The evidence gleaned from medical research directly affects the decisions made about health care, driving everything from clinical practice guidelines, to which health interventions will and won’t be reimbursed by public health systems.
For the most part, this evidence comes from highly specific studies called randomised clinical trials. These trials are conducted by commercial or academic sponsors to evaluate how effective a new drug, medical device or treatment is within a highly-selected population.
The problem is, it can be difficult for clinicians to work out how best to use or interpret this new evidence and compare it to the alternatives already available. This gives rise to a wide variation in treatment practices between clinicians treating the same illness, which may benefit some patients but disadvantage others.
Lately, however, clinicians and researchers from around the world have called for the introduction of a different type of research to evaluate the effectiveness of treatments, called comparative effectiveness research (CER).
The aim of CER is to assess the effectiveness and worth of those same medical interventions in real-life scenarios. These studies would be conducted by practicing clinicians to compare currently available treatment options to new agents or devices.
While randomised clinical trials involve carefully-selected participants and strict treatment regimens, in real life, patients typically present with multiple health problems and may be subjected to numerous variations in standard treatment.
As such, CER is designed to account for the plethora of treatment options by comparisons that are clinically meaningful in a broader representation of the affected population. CER may therefore reduce variability in clinical practice, helping to ensure high-quality care for all patients.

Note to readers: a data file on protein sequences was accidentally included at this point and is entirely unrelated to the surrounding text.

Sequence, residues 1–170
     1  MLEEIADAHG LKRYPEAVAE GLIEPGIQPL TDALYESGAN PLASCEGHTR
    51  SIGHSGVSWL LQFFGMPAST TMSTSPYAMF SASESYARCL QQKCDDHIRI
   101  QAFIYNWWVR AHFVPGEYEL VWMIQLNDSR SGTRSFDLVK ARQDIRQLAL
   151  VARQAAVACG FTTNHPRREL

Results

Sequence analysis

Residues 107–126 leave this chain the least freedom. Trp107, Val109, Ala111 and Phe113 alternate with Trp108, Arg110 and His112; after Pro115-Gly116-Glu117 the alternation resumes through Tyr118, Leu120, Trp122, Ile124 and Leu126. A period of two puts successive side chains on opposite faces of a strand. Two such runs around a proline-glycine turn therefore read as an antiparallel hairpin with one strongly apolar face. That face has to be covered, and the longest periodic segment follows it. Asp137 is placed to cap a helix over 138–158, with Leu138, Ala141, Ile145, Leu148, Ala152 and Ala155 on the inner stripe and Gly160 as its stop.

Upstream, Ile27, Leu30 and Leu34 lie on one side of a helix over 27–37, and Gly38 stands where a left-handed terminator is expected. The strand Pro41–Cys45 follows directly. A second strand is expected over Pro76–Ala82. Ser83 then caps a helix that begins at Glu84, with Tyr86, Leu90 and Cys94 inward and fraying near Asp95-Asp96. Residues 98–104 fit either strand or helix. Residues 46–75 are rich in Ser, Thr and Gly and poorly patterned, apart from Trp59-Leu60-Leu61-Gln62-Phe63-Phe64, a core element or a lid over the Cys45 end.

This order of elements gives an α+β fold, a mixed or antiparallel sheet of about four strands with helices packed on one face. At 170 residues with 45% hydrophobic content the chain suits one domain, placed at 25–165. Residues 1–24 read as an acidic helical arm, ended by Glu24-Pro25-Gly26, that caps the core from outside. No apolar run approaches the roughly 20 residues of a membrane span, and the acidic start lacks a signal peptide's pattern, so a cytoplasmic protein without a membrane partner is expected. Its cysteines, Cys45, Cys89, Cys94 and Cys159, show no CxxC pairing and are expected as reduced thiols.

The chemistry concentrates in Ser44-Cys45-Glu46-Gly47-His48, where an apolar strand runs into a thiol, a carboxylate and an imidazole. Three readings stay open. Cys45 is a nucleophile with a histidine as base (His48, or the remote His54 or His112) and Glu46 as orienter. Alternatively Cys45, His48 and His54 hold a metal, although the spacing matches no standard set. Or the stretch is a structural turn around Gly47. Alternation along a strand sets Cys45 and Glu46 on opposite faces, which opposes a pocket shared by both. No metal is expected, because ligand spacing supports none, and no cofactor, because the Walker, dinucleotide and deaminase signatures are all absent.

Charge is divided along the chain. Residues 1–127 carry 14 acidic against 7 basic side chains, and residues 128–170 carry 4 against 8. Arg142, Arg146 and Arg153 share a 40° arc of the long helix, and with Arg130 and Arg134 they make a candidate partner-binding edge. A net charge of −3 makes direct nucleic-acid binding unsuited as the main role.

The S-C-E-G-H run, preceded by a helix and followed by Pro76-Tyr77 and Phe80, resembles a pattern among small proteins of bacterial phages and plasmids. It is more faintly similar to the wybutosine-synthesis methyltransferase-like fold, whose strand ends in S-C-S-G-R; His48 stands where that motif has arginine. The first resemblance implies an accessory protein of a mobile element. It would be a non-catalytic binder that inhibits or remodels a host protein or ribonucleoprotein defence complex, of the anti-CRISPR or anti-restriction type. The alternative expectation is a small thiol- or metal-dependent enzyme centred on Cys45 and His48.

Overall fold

The outcomes of recent studies demonstrate that CER makes an important contribution in confirming the effectiveness, or ineffectiveness of a treatment for a particular health issue. It could also reduce spending on less effective, or even unnecessary, procedures.
Results of a study released in 2011, for example, looked at ways to prevent hospital patients dying of blood clots (thromboembolism). The researchers discovered that a well-accepted and frequently prescribed treatment involving a combination of compression stockings and an injected medication, was no more effective – but obviously more expensive – than the use of compression stockings on their own.
If more broadly applicable, the potential cost savings across the system of comparing newer treatments to other established alternatives is potentially enormous.
While it might be assumed that existing research funding avenues provided by the National Health and Medical Research Council (NHMRC) are sufficient for conducting CER, this type of research may not be seen as novel or as innovative as other types of research that seek to redefine the boundaries of new knowledge. Therefore, CER may continue to miss out on necessary funds.
In light of this, a group of local researchers and clinicians has proposed that a new research funding program be established from the same financial streams that fund the nation’s health-care services. This would foster and encourage CER and ensure its initiatives don’t have to compete for funding with projects designed to develop new knowledge.
The advantage of using a research methodology to fund comparative effectiveness initiatives is that the very conduct of research engages clinicians in the change process by facilitating a cultural shift. It requires those involved to sift through currently available evidence, against which comparisons of alternative approaches will be made.
Importantly, CER allows clinicians to develop novel approaches to prevent, diagnose and treat illness for the benefit of the entire community. Hopefully this model will soon be adopted by health policymakers and become a reality.
Author: John Zalcberg, Chief Medical Officer, Peter MacCallum; Honorary Professor of Medicine, University of Melbourne.